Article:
Despite the peso's fall, a U.S. Department of Commerce analyst remains bullish on U.S. plastics machine sales to Mexico. Francisco Ceron, analyst for the department's International Trade Administration, issued his report on the Mexican plastics equipment market in December, before the currency crisis. The peso lost 40 percent of its value, effectively increasing the price of U.S.-made machines by 40 percent.
Contacted at his Mexico City office at the American Embassy Jan. 25, Ceron said he is sticking to his annual growth predictions - injection molding machines at 7 percent, extruders at 10 percent and 12 percent each for two other categories, blow molding machines, and molds and dies.
``This is a short-term situation. It's not a long-term situation,'' Ceron insisted. ``Definitely Mexico needs to import capital goods regardless of the devaluation.''
U.S. companies dominate the market for plastics machinery imported into Mexico, with a 43 percent share, according to Mexican trade data cited in Ceron's report. In 1993, U.S. companies shipped $24.3 million worth of injection molding machines and accessories, $28.8 million worth of extruders, $11.8 million worth of blow molding machines and $54.3 million worth of molds and dies.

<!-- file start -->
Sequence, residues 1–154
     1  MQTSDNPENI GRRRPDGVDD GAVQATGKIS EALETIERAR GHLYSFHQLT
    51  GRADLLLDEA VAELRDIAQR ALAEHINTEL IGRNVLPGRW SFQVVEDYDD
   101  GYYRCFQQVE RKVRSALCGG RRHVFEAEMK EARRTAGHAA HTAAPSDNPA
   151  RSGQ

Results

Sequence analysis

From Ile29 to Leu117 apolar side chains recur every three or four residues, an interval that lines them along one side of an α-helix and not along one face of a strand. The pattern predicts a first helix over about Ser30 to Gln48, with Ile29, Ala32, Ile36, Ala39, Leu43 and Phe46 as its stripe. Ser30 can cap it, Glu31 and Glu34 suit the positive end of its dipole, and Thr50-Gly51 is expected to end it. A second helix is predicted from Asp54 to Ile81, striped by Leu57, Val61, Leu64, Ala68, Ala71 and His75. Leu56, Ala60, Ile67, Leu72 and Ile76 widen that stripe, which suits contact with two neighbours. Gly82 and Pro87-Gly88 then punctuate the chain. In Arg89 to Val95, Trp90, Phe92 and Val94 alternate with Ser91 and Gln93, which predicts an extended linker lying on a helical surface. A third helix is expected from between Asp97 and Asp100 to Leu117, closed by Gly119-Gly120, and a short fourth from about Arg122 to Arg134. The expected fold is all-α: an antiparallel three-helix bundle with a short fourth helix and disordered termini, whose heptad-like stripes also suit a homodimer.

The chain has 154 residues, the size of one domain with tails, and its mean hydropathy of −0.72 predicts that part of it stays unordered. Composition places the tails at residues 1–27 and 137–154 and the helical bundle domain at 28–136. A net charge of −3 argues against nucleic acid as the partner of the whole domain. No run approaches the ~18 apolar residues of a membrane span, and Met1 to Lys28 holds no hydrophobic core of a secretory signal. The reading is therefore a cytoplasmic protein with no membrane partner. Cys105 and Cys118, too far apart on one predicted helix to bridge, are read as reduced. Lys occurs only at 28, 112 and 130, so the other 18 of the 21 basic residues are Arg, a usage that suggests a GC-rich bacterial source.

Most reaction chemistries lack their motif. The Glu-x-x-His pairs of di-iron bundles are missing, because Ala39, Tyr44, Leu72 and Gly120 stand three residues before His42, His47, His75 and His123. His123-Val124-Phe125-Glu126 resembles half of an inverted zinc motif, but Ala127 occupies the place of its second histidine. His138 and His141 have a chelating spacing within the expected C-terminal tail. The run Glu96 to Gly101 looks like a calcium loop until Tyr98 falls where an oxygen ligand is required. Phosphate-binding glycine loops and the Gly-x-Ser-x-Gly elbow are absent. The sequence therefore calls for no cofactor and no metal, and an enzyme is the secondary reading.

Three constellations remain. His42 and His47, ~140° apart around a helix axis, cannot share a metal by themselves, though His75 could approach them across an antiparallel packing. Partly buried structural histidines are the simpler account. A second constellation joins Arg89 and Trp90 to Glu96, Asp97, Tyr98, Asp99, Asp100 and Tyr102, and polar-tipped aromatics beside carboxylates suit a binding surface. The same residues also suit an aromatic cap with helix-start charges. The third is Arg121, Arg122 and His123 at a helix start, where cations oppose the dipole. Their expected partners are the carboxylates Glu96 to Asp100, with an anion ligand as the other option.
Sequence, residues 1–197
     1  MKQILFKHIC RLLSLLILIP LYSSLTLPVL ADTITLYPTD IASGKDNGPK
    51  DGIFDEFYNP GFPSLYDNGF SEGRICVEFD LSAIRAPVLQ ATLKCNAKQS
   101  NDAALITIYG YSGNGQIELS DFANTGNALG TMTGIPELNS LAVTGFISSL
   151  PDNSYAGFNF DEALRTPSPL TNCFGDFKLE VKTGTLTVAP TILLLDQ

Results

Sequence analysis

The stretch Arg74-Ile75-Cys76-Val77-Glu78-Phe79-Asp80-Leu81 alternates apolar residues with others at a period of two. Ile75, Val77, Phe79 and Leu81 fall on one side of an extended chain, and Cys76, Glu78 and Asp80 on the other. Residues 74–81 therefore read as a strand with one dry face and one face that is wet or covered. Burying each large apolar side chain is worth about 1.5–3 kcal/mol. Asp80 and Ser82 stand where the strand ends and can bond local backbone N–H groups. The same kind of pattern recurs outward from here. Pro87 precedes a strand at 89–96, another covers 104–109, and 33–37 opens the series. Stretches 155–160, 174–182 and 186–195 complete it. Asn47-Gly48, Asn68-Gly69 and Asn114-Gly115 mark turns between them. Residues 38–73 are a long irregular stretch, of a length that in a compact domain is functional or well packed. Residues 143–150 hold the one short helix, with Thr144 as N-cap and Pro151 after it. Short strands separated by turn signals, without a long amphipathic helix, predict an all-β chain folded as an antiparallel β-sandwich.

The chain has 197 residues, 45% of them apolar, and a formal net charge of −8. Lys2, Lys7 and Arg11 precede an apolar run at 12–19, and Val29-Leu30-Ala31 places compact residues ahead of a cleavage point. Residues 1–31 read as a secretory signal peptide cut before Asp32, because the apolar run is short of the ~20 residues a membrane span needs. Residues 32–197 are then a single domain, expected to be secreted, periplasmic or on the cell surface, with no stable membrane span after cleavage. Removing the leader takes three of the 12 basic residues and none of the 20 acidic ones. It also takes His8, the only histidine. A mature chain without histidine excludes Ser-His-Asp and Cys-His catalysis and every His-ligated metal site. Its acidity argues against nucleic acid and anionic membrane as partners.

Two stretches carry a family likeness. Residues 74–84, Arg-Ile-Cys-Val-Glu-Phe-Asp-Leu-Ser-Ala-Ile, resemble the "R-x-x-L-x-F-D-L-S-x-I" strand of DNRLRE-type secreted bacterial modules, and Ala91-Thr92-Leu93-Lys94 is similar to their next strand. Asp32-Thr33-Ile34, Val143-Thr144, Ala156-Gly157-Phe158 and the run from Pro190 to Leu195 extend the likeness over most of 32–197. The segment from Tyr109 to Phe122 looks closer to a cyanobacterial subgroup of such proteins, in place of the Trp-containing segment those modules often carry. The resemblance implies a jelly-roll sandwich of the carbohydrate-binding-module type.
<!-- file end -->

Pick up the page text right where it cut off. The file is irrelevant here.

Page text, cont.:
The report gives market share of other countries importing plastics processing equipment to Mexico: Germany, 19 percent; Italy, 16 percent; Taiwan, 12 percent; and Brazil, 5 percent. Ceron said an ``other'' category, with 5 percent of the market, mainly includes Japanese manufacturers. Ceron said Japanese machine suppliers presently are minor players in Mexico.
Mexico imported a total of $275.6 million worth of plastics machinery in 1993, according to the study.
Ceron's 28-page report, titled ``The Plastics Industry Production Equipment Market in Mexico,'' covers machine and resin statistics, a ``how-to'' on selling in Mexico, an overview of major plastics processors and end markets and a list of trade associations, industry publications and Mexican machine makers.
The report is available free through International Trade Administration offices throughout the United States.